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This book examines the manner in which the EU affects employee relations systems in economically peripheral European countries, specifically Ireland and Hungary. It asks whether the EU offers peripheral countries the opportunity to modernise their industrial relations. The EU dynamically promotes core-like employee practices, and national actors energetically attempt to implement the prescribed initiatives, yet little success has been achieved in modernising production techniques in peripheral economies. O'Hagan argues that the EU implements an unofficial development policy which it pressurises States to adopt. These initiatives amount to the frequently referred to European Social Model (ESM), which, she argues, can cause difficulty for policy makers because it is ill-defined, vague and contradictory.
|Publisher:||Palgrave Macmillan UK|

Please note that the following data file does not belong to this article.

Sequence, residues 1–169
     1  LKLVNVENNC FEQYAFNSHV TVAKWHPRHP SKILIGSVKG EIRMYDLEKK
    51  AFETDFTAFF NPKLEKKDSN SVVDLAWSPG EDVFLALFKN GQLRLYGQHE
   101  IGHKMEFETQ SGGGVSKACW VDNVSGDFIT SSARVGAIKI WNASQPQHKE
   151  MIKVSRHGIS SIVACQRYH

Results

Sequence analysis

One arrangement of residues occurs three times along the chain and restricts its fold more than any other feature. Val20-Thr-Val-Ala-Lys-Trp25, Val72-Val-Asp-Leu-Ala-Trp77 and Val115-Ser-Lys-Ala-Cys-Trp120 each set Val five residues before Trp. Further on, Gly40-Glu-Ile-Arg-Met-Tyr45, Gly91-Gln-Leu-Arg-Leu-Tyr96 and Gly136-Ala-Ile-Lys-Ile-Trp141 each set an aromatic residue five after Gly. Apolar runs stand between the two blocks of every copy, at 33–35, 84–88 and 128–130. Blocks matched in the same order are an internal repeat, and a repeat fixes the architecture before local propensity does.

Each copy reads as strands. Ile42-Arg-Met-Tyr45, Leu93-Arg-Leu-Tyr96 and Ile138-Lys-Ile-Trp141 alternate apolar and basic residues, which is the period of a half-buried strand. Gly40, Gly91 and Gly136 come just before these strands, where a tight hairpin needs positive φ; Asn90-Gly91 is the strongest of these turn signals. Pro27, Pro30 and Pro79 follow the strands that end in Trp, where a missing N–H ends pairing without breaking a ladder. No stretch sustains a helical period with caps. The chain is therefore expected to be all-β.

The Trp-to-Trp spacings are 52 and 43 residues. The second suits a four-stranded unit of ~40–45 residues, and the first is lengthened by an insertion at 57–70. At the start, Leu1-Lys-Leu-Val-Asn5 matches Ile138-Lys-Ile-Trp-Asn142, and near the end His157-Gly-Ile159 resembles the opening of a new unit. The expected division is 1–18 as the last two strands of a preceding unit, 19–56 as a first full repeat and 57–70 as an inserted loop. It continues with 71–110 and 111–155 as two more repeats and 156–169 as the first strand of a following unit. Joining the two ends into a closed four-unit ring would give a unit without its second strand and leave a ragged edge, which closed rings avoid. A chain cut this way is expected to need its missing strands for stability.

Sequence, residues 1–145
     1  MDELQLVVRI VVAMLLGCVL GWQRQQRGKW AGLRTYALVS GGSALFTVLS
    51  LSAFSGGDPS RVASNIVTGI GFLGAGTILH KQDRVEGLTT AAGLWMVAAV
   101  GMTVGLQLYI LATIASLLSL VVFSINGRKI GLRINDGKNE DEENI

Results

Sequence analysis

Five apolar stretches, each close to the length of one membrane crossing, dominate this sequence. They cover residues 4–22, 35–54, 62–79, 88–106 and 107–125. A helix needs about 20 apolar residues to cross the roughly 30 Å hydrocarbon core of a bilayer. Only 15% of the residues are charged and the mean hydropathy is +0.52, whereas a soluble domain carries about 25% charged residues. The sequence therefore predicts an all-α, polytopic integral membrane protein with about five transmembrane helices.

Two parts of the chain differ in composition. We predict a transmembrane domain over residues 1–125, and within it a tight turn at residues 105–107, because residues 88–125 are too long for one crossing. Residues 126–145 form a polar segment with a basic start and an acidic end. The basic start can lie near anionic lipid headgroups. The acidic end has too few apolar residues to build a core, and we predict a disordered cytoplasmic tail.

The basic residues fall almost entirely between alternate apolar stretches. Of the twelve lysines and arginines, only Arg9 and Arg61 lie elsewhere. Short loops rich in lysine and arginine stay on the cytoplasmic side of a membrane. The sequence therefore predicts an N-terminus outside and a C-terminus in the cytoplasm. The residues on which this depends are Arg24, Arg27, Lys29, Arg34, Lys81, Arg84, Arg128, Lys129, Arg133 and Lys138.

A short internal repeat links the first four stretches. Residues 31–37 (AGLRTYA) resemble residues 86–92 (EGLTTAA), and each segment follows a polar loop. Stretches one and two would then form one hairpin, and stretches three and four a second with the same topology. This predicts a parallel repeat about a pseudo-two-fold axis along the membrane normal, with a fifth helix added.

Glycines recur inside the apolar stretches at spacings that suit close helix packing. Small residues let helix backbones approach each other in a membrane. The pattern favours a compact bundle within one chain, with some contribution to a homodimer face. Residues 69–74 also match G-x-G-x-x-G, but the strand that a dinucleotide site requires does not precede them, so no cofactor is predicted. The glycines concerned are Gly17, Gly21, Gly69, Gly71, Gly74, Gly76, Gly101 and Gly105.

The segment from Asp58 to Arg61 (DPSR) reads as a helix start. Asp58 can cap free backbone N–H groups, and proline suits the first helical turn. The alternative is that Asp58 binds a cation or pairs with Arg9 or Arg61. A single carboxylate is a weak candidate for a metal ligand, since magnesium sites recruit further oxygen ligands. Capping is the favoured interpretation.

|Product dimensions:||5.00(w) x 7.99(h) x 0.03(d)|
About the Author
Emer O'Hagan is Research Fellow at the Institute of Governance, Public Policy and Social Research,Queen's University, Belfast.
Table of ContentsThe Costs of Europe: Why Do Small Economically Peripheral Economies Join Europe? Theories on European Integration: Integrating Theories The European Social Model in Economic Peripheries: Ireland and Hungary The European Union and National Legal Systems National Administrations and the European Union National Industrial Interest Groups and the European Union Summary and Conclusions